A young couple meet for a passionate tryst in a dingy shagpad in a small rural town , a few stolen moments, but both are edgy, flinching at every random sound. When she hits the shower, there’s a violent knock at the door, someone demanding they open up before he breaks it down.

While the woman, Ayse (Billur Melis Koç) hides on the balcony clad only in her underwear, he opens the door, a cop barges in, violent, aggressive, bullying. He searches the flat. Searches for Ayse. A struggle ensues, the cop pulls his gun, shoots Ayse’s lover dead. Jumping from the balcony, Ayse runs for her life.

Finding all doors closed to her, abandoned by her sister and by her friends, Ayse heads to her family home, creeps in, steals some money, enough to get her to Istanbul safely. But she’s surprised by her brother. Who’s supposed to be in Germany. Attacking her, she fights him off, runs from the house, steals her dad’s car and drives off into the night, pursued by the menfolk of her family, intent on killing her, avenging the perceived lost honour her adultery has brought upon their family…

Beautifully shot in the lush, verdant, Turkish countryside, Av (The Hunt in Turkish) is a propulsive thriller that dares to examine the misogynistic underbelly of Turkey’s patriarchal society as Ayse’s family, her brother, her father, her cousins, side with Ayse’s sadistic, betrayed husband, Sedat (Ahmet Rifat Sungar), the dodgy, murderous cop from the film’s opening scenes hunting her through the woods like one of the wild boars the guys joke about. But like the wild pigs she’s compared to, Ayse isn’t going down easy. She’s turning the tables on toxic masculinity and the hunted is becoming the hunter.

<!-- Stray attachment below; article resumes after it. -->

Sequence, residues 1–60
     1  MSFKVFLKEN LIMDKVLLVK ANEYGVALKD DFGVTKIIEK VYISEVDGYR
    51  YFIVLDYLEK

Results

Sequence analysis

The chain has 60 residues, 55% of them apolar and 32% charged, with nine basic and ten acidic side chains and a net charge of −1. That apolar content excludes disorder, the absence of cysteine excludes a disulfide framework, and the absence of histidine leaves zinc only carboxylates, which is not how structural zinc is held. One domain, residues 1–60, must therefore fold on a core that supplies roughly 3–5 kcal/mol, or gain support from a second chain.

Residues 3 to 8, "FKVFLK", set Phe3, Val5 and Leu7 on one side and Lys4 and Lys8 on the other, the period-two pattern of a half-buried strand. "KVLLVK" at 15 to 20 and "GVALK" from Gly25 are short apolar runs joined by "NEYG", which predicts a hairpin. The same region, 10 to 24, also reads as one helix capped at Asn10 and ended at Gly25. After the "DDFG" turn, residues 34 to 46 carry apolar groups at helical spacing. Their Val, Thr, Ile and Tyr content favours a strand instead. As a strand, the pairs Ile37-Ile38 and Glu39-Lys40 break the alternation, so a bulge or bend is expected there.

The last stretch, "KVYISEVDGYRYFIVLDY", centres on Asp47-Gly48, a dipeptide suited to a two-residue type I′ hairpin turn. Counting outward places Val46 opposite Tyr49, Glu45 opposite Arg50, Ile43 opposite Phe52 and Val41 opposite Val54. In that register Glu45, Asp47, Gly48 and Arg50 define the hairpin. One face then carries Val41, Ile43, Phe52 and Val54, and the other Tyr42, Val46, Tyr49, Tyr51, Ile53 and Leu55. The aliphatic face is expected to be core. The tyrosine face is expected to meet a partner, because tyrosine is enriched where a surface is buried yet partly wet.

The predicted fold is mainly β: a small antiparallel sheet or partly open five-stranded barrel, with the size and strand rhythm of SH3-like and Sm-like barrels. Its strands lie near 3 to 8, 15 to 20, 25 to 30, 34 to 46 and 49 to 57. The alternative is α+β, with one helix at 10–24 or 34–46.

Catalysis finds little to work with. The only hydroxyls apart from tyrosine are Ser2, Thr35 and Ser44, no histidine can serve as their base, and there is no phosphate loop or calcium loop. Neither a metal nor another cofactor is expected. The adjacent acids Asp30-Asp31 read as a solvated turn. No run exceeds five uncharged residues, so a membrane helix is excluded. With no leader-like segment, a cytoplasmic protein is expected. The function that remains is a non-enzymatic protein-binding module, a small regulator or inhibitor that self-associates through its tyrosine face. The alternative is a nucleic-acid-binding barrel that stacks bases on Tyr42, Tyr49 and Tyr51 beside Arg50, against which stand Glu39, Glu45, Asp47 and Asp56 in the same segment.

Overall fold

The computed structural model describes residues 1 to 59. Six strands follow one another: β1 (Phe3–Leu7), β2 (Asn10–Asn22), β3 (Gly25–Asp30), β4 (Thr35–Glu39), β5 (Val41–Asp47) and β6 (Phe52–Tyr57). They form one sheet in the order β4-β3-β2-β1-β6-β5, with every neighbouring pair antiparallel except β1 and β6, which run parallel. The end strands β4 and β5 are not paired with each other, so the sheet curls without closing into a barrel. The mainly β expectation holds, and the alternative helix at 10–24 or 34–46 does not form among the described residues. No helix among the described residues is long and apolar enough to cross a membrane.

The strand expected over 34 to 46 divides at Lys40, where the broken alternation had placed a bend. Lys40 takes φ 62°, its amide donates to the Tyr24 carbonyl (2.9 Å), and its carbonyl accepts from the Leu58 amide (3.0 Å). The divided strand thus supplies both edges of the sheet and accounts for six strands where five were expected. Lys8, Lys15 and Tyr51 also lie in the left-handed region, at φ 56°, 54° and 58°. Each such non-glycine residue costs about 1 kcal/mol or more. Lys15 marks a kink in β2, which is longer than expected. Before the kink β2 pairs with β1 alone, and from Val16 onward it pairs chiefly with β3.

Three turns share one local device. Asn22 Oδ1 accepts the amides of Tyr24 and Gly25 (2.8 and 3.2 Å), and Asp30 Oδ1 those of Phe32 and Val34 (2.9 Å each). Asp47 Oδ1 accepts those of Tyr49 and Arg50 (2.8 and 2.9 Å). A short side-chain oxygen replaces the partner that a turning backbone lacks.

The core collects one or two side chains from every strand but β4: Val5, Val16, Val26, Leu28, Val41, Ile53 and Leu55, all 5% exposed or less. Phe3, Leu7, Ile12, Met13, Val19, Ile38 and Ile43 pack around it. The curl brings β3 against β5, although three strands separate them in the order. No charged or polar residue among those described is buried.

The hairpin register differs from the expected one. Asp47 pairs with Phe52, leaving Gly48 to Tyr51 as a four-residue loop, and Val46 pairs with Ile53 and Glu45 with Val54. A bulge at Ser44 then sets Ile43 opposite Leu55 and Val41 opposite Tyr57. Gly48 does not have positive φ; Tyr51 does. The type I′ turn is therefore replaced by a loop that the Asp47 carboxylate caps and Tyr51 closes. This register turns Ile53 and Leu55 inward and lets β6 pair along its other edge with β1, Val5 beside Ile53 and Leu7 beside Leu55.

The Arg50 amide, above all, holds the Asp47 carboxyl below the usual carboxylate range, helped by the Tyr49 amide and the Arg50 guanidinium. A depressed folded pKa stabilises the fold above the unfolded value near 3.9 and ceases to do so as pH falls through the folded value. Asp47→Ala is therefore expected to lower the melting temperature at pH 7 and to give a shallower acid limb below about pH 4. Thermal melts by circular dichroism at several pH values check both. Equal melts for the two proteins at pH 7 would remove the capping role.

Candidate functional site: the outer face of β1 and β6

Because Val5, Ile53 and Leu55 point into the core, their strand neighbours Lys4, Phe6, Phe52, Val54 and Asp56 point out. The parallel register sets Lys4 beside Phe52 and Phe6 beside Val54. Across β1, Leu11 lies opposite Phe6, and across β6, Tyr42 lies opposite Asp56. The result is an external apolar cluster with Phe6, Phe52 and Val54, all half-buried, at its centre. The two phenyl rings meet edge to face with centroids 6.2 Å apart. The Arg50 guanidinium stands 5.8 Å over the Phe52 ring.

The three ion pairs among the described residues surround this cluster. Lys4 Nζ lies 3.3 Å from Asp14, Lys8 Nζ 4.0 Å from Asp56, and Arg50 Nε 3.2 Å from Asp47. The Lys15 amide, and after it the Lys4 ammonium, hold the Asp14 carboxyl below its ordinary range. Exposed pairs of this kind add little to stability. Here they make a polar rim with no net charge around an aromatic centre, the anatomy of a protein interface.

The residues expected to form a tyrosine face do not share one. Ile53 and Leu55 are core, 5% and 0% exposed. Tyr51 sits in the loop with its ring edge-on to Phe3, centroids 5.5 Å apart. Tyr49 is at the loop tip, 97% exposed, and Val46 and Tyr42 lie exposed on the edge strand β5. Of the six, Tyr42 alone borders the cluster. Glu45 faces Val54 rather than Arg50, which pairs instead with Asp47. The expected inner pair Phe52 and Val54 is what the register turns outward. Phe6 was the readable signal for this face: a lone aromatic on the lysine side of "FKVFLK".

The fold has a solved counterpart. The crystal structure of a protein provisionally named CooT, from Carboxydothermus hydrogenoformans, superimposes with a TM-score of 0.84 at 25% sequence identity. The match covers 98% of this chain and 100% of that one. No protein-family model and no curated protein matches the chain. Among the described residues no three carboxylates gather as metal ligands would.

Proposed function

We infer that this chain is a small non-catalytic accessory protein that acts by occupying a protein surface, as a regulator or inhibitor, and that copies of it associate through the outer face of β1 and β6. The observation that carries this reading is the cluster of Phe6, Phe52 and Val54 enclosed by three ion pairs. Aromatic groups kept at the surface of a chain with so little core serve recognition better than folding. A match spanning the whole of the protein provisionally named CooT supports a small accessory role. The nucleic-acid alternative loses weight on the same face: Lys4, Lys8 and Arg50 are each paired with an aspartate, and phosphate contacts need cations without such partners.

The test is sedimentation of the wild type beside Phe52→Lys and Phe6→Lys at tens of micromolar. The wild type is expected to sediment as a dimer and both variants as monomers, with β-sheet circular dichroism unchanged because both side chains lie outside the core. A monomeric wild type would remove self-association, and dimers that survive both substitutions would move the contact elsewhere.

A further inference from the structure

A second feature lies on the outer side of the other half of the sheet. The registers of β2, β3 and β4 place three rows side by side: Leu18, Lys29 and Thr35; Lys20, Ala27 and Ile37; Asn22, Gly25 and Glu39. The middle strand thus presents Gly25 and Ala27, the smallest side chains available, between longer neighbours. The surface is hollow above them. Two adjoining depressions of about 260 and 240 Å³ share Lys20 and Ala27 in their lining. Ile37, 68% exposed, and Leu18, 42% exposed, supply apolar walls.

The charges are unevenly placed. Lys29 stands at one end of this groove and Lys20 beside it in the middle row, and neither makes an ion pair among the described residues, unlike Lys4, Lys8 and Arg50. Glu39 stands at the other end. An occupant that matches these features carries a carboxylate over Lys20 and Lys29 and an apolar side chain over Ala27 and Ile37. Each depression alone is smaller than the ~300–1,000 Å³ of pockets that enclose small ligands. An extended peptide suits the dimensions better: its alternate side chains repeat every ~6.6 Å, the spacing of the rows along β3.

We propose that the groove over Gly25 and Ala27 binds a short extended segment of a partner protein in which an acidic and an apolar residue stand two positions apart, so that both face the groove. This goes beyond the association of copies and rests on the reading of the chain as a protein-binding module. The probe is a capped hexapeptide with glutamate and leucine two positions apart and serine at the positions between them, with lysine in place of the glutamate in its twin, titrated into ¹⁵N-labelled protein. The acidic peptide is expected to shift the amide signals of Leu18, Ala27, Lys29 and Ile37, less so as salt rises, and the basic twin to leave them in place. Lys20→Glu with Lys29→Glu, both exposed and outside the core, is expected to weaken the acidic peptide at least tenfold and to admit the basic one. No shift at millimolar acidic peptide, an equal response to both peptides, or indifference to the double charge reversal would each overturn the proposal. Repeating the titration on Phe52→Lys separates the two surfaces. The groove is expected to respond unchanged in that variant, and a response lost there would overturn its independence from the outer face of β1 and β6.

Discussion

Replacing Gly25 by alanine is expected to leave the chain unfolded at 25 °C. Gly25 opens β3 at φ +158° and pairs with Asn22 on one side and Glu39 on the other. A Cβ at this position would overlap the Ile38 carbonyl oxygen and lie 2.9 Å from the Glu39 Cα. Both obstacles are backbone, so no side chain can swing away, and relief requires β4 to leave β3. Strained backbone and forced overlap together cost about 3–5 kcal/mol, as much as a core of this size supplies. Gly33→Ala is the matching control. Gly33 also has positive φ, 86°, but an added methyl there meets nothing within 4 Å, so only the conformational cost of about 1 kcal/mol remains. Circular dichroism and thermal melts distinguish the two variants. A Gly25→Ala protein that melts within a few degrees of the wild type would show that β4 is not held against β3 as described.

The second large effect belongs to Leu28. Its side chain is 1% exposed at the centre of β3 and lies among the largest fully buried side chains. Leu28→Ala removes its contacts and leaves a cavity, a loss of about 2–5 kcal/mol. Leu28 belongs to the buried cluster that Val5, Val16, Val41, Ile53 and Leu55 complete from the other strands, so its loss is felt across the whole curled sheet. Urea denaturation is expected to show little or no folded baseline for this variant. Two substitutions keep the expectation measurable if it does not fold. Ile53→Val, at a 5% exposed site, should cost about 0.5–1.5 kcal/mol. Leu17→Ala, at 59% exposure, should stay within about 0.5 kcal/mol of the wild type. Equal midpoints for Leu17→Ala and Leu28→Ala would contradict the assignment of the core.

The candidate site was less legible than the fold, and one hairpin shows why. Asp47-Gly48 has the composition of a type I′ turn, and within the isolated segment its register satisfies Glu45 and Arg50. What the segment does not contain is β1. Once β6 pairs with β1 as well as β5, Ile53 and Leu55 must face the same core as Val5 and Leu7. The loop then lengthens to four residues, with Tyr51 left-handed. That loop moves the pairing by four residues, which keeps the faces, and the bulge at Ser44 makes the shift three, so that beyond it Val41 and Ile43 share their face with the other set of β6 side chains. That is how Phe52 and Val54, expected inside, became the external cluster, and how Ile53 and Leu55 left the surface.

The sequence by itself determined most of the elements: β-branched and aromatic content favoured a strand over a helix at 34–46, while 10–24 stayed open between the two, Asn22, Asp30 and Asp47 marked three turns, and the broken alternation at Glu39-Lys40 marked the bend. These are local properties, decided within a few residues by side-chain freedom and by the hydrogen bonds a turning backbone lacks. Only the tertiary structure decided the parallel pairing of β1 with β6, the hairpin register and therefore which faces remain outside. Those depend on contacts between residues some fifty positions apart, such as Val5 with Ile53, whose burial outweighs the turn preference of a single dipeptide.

I wanted to love Av. I wanted to love it as much as I love Coralie Fargeat’s brutal, beautiful Revenge to which it’s been widely compared. But I didn’t. While it’s a queasily effective exploitation thriller that examines and condemns Turkey’s toxic misogynistic patriarchal society maybe I’m just not that comfortable with an exploitation thriller about a woman who’s the target of a so-called ‘honour’ killing directed by a man who, however well-meaning, constantly threatens her with sexual violation, consistently equating the heroine with a hunted wild pig, most explicitly in the closing moments of the film.

Atmospheric and paced like a freight train, Av lays bare the rapey misogyny at the heart of Turkish society, and while the performances are great and the story believable if unsubtle, ultimately Av just leaves something of a bad taste in the mouth, it’s circular narrative aptly denying us that crowd-pleasing catharsis, those moments of vengeance, that allow them to be successful.

An exploitation film that just doesn’t feel that exploitative, there’s plenty of guilt and misery to go around in nasty exploitation thriller Av: The Hunt. But I still feel a female director would have been more suited to such obvious material.

Arrow Video Frightfest Digital Review: AV - The Hunt
3.5Overall Score
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